On May 8, 1981, the Friday before Mother’s Day, my mom lost her battle with cancer. Today is the 40th anniversary of that date, and so it seems important to mark it somehow, to give the day time and attention and thought. I was a wee pre-schooler when she left, only 4 years old, and barely able to understand death, let alone the death of a parent. As I grew, naturally I missed her presence at the sentinel events – my graduation, my wedding, the birth of my children – but now, in my middle years, I think I’m beginning to miss her in a different way.
I never felt motherless. I was nurtured and cared for by my grandmothers (and I’m sure other caring friends) while my father was single, and once he remarried I was nurtured and cared for by my second mother. It never seemed right to call her my step-mother, and “new-mom” meant by default that my birth mom was “old-mom”, which didn’t exactly fit either – she would be eternally 29 years old. And so it’s always just been “Mom”, and I think she’d be ok with that.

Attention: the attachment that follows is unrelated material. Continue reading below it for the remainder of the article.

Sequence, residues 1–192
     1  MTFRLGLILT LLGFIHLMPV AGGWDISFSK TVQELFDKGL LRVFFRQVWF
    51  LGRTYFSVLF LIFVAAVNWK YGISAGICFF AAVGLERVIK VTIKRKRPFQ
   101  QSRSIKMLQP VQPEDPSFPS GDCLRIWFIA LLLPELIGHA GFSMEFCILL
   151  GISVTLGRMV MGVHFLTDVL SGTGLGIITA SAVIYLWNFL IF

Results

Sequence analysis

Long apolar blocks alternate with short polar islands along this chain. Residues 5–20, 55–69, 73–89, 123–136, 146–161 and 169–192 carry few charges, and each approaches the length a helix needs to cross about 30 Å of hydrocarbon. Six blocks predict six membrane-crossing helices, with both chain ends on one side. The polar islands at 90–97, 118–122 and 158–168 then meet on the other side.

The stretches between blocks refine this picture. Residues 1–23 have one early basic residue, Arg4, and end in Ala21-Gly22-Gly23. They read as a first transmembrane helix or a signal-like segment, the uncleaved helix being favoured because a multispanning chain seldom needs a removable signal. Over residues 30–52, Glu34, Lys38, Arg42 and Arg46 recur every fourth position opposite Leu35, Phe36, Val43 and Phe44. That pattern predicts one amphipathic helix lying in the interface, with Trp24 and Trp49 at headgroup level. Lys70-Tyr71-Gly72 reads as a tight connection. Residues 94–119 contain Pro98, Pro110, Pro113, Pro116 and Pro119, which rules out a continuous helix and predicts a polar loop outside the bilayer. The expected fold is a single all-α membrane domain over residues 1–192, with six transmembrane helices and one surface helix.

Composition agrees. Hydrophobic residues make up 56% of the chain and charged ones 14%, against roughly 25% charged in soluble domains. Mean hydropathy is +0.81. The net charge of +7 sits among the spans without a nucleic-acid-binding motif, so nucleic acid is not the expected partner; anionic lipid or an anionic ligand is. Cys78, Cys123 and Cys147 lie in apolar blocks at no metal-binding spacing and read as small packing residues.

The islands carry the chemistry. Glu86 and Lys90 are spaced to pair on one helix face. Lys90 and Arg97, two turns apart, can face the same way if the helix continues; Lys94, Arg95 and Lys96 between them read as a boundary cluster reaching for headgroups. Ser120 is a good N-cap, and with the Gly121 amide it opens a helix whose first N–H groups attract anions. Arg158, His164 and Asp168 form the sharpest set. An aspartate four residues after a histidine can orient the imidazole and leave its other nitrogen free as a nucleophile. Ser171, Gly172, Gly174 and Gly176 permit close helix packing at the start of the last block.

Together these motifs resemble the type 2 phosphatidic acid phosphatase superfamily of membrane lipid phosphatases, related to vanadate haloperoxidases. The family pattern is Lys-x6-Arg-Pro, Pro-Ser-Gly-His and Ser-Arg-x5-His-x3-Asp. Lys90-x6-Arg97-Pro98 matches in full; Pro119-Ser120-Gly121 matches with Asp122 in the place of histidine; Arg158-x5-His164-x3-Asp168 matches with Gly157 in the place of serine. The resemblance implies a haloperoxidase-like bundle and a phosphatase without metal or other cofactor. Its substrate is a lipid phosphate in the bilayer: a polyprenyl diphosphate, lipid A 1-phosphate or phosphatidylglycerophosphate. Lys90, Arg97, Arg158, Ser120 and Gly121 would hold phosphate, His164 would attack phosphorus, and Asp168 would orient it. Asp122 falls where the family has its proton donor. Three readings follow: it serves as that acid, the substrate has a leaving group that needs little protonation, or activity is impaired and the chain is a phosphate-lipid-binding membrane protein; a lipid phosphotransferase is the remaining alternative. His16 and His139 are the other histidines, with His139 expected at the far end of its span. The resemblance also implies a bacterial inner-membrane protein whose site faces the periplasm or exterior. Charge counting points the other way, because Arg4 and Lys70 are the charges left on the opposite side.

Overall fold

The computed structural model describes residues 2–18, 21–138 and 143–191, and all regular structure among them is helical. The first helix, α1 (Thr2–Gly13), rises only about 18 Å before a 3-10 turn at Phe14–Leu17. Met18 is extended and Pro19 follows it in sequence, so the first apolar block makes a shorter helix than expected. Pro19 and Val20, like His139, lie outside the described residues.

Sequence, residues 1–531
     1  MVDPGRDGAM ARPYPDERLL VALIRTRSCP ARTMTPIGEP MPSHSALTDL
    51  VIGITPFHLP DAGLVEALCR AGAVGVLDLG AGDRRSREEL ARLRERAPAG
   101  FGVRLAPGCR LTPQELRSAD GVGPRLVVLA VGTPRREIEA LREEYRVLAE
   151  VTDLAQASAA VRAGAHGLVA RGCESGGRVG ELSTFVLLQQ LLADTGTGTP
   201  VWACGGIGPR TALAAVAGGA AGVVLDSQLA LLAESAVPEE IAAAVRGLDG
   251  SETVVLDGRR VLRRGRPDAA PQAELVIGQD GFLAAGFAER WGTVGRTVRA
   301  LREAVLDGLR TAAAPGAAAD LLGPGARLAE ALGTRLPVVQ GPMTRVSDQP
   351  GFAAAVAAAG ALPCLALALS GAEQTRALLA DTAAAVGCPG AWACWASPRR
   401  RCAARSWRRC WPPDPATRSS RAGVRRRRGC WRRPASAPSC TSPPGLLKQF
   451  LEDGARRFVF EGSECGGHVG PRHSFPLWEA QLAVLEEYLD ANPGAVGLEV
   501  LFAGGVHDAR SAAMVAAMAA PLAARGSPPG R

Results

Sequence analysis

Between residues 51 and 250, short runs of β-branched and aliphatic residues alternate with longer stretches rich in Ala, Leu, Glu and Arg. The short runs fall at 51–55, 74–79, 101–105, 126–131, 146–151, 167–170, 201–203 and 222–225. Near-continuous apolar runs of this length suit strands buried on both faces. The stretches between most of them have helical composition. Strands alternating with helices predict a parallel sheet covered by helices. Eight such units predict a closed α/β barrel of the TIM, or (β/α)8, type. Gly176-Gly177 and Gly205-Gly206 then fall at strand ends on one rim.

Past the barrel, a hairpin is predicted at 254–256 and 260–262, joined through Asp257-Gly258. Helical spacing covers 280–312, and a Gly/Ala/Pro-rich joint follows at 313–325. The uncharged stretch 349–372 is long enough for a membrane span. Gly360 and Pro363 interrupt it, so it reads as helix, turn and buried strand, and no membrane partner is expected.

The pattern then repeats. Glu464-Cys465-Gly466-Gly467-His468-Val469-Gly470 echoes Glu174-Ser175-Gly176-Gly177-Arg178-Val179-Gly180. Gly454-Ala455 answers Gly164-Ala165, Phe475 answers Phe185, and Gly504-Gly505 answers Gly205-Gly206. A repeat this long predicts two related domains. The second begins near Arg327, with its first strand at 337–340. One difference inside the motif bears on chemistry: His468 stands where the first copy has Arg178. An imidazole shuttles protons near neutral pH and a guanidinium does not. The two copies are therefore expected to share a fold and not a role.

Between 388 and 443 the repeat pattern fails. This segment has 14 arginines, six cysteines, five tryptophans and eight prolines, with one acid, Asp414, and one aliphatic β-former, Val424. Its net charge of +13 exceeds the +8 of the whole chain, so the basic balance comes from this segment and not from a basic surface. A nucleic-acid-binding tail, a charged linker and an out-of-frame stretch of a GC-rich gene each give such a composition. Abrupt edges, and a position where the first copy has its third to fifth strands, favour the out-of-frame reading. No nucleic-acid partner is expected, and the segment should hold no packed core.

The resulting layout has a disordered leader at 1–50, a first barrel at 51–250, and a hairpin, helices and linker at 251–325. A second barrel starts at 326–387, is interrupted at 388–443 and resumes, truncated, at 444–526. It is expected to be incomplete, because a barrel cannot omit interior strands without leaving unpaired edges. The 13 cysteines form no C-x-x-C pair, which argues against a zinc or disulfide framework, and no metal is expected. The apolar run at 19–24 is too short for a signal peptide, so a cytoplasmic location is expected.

There are some questions I will never be able to ask. Like when did your hair turn grey? Did you have hot flashes? Would you have lost your cool when helping me with homework? What was your favourite flower? Did you prefer baking or cooking? Would you have kept your feelings inside or been an open book? Some of these I think I know, but then I think about how I have changed in the past 15 years and I wonder how you might have changed. Would you have stayed home or worked outside? What hobbies would you have picked up? What would have made you angry? What would have brought you joy?
It’s fitting somehow that she left in May. Forever the first Spring flowers remind me of her – the little blue forget-me-not types that also live on her Royal Albert china. Maybe if she had left in November, or July, there would be years when the anniversary would slip past unnoticed, lost in warm summer days or the bleakness of late autumn. But leaving in May was a gift – an impetus to remember at the time when mothers are celebrated everywhere.
It seems this is somewhat of a hodge-podge of thoughts. But I think the bottom line is I’m sometimes sad that I didn’t get to know my mom as a friend – and I feel at times the absence of the wisdom she would have shared and the connection we might have had.